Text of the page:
With Coronavirus restrictions being gradually lifted in the UK, most sectors are gearing up, if not for a return to life as we knew it before the pandemic, at least for some kind of “new normal” that will entail changes to what we are used to see and experience.
Insights: Broadcasting & Standards
On 10 December 2020, Reddie & Grose LLP held the second of our Automotive Round Table series on the topic of Connectivity and Security. As with our inaugural event held in the summer of 2020 (report here), the event brought together members of our in-house AI and Automotive teams, and leading lights from external organisations active in this area.
The era of satellite based broadband has now launched in the UK, with Starlink, another project of the Tesla and SpaceX founder Elon Musk, being granted a license by Ofcom to begin a limited trial. And while Starlink may be the first, they certainly won’t be the last. A cluster of other companies have launched in this sector, each with the aim of using a constellation of (read “awful lot of”) networked satellites to provide global broadband coverage. Notable competitors include One Web, which is back to launching satellites after being rescued from bankruptcy last year by the UK government and Indian conglomerate Bharti Global, and Amazon’s Kupier Systems, to name but a few. The EU have also announced plans for their own system, following the Galileo global positioning system.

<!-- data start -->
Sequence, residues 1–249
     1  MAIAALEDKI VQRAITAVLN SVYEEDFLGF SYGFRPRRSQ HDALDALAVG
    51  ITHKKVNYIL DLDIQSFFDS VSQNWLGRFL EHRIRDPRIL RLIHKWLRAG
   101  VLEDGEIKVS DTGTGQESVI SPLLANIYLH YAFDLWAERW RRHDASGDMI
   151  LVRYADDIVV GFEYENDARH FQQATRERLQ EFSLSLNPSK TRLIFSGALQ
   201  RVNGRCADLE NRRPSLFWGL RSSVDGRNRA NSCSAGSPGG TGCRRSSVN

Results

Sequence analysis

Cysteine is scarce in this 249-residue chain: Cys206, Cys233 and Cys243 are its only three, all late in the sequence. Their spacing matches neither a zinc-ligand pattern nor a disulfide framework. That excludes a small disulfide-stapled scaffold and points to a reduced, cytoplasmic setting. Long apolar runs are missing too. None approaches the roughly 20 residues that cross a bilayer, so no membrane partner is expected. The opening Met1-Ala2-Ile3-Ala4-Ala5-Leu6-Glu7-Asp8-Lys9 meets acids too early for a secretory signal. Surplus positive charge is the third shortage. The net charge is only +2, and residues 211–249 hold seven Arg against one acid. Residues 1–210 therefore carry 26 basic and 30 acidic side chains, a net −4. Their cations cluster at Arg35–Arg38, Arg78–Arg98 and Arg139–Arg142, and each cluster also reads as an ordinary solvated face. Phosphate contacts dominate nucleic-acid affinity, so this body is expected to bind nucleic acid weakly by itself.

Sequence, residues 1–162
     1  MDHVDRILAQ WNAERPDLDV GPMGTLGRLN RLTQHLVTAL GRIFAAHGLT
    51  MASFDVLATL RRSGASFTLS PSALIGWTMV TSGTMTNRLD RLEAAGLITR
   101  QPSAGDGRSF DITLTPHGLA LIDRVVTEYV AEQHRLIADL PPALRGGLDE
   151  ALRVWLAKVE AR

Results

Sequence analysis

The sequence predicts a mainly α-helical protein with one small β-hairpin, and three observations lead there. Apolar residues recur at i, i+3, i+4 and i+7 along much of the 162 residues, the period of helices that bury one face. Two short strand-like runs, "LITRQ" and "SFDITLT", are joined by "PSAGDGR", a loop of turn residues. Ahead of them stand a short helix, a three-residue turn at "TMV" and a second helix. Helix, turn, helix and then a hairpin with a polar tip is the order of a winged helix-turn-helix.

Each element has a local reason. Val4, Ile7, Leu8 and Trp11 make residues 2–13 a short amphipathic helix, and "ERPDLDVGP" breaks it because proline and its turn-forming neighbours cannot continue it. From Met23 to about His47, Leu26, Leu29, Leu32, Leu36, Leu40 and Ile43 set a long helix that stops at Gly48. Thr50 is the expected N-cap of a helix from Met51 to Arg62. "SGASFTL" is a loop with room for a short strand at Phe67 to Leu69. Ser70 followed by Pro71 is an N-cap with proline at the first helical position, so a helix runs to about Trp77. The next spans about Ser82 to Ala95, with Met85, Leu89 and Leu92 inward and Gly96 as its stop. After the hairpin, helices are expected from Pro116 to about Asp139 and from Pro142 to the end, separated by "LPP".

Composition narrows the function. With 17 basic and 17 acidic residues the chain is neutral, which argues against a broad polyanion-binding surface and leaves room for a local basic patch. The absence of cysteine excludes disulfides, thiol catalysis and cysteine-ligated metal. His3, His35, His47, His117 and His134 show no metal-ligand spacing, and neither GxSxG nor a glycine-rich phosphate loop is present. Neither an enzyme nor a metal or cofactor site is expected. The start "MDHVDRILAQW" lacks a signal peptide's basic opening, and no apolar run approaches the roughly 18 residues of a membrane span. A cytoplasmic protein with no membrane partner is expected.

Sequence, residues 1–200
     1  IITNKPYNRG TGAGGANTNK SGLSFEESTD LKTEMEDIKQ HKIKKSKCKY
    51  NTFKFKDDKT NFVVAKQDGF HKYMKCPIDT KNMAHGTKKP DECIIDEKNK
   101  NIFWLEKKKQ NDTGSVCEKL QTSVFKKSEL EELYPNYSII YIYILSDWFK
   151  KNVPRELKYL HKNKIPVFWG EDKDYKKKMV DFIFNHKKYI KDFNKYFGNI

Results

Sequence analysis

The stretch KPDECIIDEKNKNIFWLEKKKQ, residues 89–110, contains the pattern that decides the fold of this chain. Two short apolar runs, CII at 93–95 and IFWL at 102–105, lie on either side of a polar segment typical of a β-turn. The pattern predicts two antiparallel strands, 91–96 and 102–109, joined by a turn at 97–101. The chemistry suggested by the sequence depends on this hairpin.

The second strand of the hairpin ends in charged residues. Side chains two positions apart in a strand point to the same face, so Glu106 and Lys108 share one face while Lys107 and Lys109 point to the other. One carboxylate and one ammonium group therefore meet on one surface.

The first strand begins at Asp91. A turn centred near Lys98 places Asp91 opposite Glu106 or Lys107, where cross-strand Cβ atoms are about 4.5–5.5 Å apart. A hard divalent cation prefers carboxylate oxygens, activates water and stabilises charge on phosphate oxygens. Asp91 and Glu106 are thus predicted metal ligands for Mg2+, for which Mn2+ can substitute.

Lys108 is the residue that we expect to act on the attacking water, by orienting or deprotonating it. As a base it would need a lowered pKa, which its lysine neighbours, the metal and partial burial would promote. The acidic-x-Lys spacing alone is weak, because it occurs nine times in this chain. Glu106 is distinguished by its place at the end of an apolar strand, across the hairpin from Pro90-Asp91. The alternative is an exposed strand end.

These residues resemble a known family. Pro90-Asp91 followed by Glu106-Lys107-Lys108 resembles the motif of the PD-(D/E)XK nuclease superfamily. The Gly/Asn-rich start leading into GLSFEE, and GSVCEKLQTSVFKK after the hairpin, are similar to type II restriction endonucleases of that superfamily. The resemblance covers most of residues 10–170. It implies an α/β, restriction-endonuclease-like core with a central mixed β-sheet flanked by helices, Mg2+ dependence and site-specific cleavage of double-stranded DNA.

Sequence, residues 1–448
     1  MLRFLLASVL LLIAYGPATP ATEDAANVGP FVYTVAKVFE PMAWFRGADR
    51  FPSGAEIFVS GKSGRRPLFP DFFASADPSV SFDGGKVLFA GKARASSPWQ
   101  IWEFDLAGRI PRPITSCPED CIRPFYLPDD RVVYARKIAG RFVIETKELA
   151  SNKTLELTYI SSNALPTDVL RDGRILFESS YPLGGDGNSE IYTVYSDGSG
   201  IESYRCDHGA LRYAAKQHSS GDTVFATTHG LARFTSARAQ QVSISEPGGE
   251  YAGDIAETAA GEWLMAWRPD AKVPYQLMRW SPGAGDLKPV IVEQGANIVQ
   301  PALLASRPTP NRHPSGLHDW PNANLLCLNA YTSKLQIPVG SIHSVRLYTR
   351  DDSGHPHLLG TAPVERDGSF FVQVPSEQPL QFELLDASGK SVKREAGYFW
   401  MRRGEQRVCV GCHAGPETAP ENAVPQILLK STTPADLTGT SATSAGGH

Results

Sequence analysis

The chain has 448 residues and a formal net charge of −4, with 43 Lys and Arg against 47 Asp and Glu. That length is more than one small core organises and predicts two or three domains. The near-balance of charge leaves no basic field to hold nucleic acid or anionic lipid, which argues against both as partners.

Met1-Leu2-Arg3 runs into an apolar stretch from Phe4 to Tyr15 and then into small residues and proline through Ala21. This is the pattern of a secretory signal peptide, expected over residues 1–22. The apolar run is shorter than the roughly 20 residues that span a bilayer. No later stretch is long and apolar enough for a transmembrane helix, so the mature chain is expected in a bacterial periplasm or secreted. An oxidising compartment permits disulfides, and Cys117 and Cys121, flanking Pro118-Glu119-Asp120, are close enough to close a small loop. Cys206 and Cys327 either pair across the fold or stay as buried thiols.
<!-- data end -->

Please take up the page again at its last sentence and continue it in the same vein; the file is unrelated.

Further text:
The Supreme Court decision in Unwired Planet and others ( UKSC 37) represents the culmination of a series of trials, begun in 2014, and involving several key players in the telecommunications industry
Patenting space technologies presents some complications that are not so often encountered in more terrestrial areas of technology.Patents for a system or a method that would be implemented in space can end up being of limited use when it comes to enforcement. The reason for this is that patents confer national rights.
The IET reported a claim by researchers based in Australia that 100x faster internet speeds over fibre-optic cables may be possible using optical angular momentum. In an era where so much attention is focussed on wireless data transmission, advances in wired technologies are less prominently reported in the mainstream press.
Decisions from the UK Intellectual Property Office (UK IPO), ‘Landmark Graphics Corporation’, suggest the UK IPO has been overly strict in applying the law relating to computer related inventions.
Jon West reviews the latest decison in Unwired Planet v Huawei and explains what a FRAND injunction actually is
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